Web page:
Lets Call Stunt Hacking What it is, Media Whoring.
I recently read this article: http://www.foxnews.com/tech/2015/03/17/ground-control-analysts-warn-airplane-communications-systems-vulnerable-to/ and it brought to mind some thoughts that have been percolating for quite a while. Sometime last year I believe Dave Aitel coined the term Stunt Hacking, which I think is a pretty good way to describe it. We often see these media blitzes about someone hacking a car, or an airplane, or some other device. The public who has a limited understanding of the technology, and the media who has a worse understanding, get in a frenzy or outrage, the security company hopes this translates into sales leads, and the researcher hopes this translates into name recognition leading to jobs, raises, conference talks, etc.
A question that I think we should keep in mind is: Why would a company hire someone who just publicly displayed how little they understand about the technology and made their desired potential client look bad.
There are two problems with this: 1.) The research is often FUD or based on a very limited understanding of real world deployment or 2.) Any actually valuable technical research gets lost in the hype.
Let me be clear, I am not saying that researchers like Charlie Miller or Barnaby Jack haven't contributed meaningful or ground breaking research to the community, (they have), but many ride a hype wave that is often unwarranted. Unscrupulous infosec companies take advantage of such researchers work to drive sales of mediocre consulting services as well.
The practice of companies pushing their best researchers to drop and overhype controversial or gimmicky bugs makes no sense from a business perspective either from the security vendor or the services purchaser point of view. Who wins in the long run? The vendor loses credibility and the purchaser suffers in the PR space.
Stunt hacking often works something like this:
1.) Purchase from Ebay or otherwise some component of a system widely in use that doesn't look like a computer but uses underlying computeresque technology.
2.) Since physical access to the device is ensured (unlike in the real world), spend a period of time analyzing and understanding the device.
3.) Develop or acquire some tool set to interact with the device.
4.) Make the device do something that the public perceives is out of the ordinary or unusual.
5.) Issue a number of hyping press releases. (The media has a vested interest in producing spectacular stories)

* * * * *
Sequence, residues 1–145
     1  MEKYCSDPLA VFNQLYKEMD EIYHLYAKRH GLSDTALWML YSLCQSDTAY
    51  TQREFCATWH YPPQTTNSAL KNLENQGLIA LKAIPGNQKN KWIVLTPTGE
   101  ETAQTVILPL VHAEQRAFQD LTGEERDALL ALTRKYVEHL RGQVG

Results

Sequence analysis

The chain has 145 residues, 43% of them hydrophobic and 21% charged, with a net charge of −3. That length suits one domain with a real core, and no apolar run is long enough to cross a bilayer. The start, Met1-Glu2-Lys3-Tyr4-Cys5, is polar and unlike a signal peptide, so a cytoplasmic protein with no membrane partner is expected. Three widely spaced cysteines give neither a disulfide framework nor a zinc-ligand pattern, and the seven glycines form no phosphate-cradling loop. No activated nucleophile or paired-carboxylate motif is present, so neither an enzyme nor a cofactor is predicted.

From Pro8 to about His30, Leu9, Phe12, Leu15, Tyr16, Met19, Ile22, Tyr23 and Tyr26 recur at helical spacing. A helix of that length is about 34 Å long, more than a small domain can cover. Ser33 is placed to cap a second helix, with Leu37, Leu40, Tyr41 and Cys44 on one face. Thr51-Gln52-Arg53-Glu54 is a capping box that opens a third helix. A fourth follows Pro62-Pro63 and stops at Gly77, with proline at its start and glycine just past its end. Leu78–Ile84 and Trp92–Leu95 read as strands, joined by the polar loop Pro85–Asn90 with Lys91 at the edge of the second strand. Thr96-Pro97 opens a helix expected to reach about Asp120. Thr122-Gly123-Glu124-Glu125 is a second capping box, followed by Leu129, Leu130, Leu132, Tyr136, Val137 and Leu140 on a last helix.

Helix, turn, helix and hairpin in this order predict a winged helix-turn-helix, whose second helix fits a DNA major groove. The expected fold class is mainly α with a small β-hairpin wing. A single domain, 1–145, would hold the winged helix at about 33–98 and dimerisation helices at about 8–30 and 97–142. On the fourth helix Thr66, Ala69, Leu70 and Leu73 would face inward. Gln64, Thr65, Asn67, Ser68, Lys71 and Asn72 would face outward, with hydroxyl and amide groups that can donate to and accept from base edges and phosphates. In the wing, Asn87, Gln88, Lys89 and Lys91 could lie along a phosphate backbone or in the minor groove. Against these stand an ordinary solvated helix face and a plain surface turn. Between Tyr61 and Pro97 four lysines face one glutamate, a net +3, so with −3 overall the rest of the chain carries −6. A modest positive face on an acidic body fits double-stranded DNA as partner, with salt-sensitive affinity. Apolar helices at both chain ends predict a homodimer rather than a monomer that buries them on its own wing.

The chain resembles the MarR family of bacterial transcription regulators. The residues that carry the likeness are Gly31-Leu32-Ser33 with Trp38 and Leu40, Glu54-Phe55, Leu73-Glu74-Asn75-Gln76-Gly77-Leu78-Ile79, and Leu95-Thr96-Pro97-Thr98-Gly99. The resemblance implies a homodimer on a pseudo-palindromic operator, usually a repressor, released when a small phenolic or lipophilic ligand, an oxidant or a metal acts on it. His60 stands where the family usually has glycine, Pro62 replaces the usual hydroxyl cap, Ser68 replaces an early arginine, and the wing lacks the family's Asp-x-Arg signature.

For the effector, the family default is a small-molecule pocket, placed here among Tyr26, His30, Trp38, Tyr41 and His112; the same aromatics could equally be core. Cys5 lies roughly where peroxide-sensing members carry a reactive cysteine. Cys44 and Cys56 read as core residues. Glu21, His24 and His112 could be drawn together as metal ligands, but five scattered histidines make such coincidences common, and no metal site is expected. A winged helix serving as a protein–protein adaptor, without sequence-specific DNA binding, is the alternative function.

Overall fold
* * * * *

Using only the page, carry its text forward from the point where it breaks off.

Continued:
6.) Jump on the security conference talk circuit and present the research as many times as possible.
There are several issues with this and I can use some real world examples to explain them. When you state that you can hack an airplane based on something you saw (or worse did) on a flight, and that a particular vendor is or is not security responsible, you are missing a number of things:
- FAA Involvement - There are processes for approval, auditing, development and release cycles that pass through FAA policies. This affects time frames for patches to be pushed, what kinds of software can be installed, and how things are updated and inter-connected.
- Airline Involvement - What a particular vendor develops is often heavily modified or integrated into an airline's customized product suite. This means that company A could develop a piece of hardware or software for airplanes, the airline buys it, then the airline drastically changes it. It may not be immediately obvious where the responsibility for a security issue lies.
- Aircraft Manufacturer Involvement - Essentially the same as the previous point.
- Air crews - Maintenance and flight crews have the ability to modify some settings and make changes to the system.
- Product Vendor - The originator of a particular product. If they want to push a change, such as a security fix, all the above stakeholders and more have to be involved in that process. That means that an issue can be known, a fix developed and released, and it can take months or even years while it transitions all the stakeholders and each makes a business decision about applicability and severity before it reaches a particular airplane.